Big Omaha installations visualized audience data, water usage

Josh Krakauer and Sarah Binder place their pins on the Pins & Threads installation at Big Omaha. Two of the art installations at Big Omaha this year centered around looking at data in a new, more meaningful way. We hope you had a chance to take them in: Pins & Threads Brian Kelly teaches freshman-level…

Josh Krakauer and Sarah Binder place their pins on the Pins & Threads installation at Big Omaha.

Two of the art installations at Big Omaha this year centered around looking at data in a new, more meaningful way. We hope you had a chance to take them in:

Pins & Threads

Brian Kelly teaches freshman-level courses about design thinking and making at University of Nebraska-Lincoln. His idea for Pins & Threads came from his interest in four things: mapping, information graphics, nighttime satellite photography of cities and social media.

“I wanted to try to create a framework for people to interact with. I set it up and let people take ownership of it. I don’t have control over how it turns out, whatever the conference demographic is is how it turns out.

The result is hundreds of tiny pins tacked on a wide white wall. In front of the wall is a wooden trough filled with objects. To participate, people selected a colored pin that represented their area of work (design, business/marketing/advertising, social/political/NFO/NGO, academic, science/engineering/technology). Then they picked up a wooden gender symbol, a wooden circle with notches indicating the number of years attending Big Omaha and a wooden wheel. The objects slide onto the pins, and then are placed in one’s geographic location on the wall.

“I took something that’s typically digital—a profile—and wanted to pull that information out in a physical way through a visual framework,” Kelly said.

“People have really loved it. Someone pins something, and then they notice someone pinning right next to them, and a conversation starts between two people. I love when those emergent things happen.

“I’ve also met a ton of people through Big Omaha, and am able to have all kinds of conversations with like-minded people. It’s fantastic.”

Specter

Close by was another installation, a beautiful display of various-sized lightbulbs hanging from the ceiling. It was put together by UNL students Katie Frankforter, Sean Coffey, Katie Horn and Zoe Cope. All are senior architecture majors, and some even had Brian Kelly as a professor.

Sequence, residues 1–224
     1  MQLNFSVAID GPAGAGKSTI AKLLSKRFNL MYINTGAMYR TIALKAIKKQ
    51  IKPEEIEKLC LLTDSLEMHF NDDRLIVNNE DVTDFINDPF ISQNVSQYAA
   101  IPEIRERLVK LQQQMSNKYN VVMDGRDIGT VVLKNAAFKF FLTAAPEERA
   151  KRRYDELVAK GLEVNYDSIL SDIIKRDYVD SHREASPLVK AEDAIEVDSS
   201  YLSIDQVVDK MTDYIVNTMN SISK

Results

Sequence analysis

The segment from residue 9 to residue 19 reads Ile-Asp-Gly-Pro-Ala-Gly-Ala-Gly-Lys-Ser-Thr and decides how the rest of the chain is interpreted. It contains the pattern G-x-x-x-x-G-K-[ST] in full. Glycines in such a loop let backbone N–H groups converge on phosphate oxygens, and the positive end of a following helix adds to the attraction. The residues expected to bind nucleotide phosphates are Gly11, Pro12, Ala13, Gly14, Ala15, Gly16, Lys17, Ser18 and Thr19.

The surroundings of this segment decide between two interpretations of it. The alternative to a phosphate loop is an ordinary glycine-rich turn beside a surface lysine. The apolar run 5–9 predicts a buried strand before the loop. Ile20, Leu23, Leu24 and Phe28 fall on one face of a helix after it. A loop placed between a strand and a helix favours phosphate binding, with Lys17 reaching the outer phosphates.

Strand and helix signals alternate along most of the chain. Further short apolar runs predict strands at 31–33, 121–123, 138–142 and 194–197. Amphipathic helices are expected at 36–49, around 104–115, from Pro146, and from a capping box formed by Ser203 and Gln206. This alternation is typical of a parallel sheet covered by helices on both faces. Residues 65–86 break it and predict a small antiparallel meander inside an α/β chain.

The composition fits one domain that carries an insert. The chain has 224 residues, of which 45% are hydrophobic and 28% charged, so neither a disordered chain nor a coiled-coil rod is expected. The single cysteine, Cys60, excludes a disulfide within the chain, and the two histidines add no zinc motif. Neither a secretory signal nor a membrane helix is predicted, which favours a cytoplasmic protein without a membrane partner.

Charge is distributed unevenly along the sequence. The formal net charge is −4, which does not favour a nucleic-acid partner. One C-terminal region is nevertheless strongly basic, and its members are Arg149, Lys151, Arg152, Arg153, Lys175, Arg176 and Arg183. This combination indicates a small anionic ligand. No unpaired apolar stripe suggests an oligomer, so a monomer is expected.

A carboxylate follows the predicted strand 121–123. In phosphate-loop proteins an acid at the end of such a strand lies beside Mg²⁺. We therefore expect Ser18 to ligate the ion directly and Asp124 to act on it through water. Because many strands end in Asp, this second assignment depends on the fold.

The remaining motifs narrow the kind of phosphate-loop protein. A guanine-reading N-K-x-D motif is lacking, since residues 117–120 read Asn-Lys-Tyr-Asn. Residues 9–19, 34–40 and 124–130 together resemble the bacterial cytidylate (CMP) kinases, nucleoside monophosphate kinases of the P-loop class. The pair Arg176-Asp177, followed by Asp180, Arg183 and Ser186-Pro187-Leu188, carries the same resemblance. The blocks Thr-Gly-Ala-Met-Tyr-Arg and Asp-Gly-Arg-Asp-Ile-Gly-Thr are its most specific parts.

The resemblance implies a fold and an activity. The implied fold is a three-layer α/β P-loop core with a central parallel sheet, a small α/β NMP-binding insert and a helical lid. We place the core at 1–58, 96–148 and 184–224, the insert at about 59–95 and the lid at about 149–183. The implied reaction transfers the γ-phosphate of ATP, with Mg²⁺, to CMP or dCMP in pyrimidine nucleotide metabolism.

Specter is intended as a commentary on water usage and skewed perceptions that often surround sustainability. The installation will be reused in some way, either recycled, given to a Big Omaha attendee, or repurposed in a UNL studio space.

Kate Brosseau spoke with the students about their project:

Cope: “We wanted to do something about sustainability, but we didn’t want it to be your typically green statement.”

Horn: “Oftentimes we hear these things [about sustainability] that go over our heads, such as people using 100 gallons of water per day, but no one can really envision what that number really looks like. Where does that water come from? What does 100 gallons really look like? We wanted to bring that down, and bring it to a piece that’s meaningful.”

Coffey: “There are 100 lightbulbs, and each represents 100 gallons. The lights skew your perception so that the shadows cast off all the bulbs, and you don’t really understand how many bulbs are there.”

Frankforter: “We wanted something you could look at and understand as an object, something transparent and skewed with different types of light.”

Cope: “When you first approach it, it looks like an object. When you get closer and see the shadows, it becomes something more. It shifts the perception, just as we want to shift the perception of what sustainability really means for the average consumer.”

Coffey: “Just giving yourself a hard fact doesn’t resonate. It doesn’t change behavior.”

Cope: “That installation stimulates a conversation and people ask themselves what they can do to make that number smaller. It just inspires people to think about it.” 

 

Credits: Photos by Brian Kelly.


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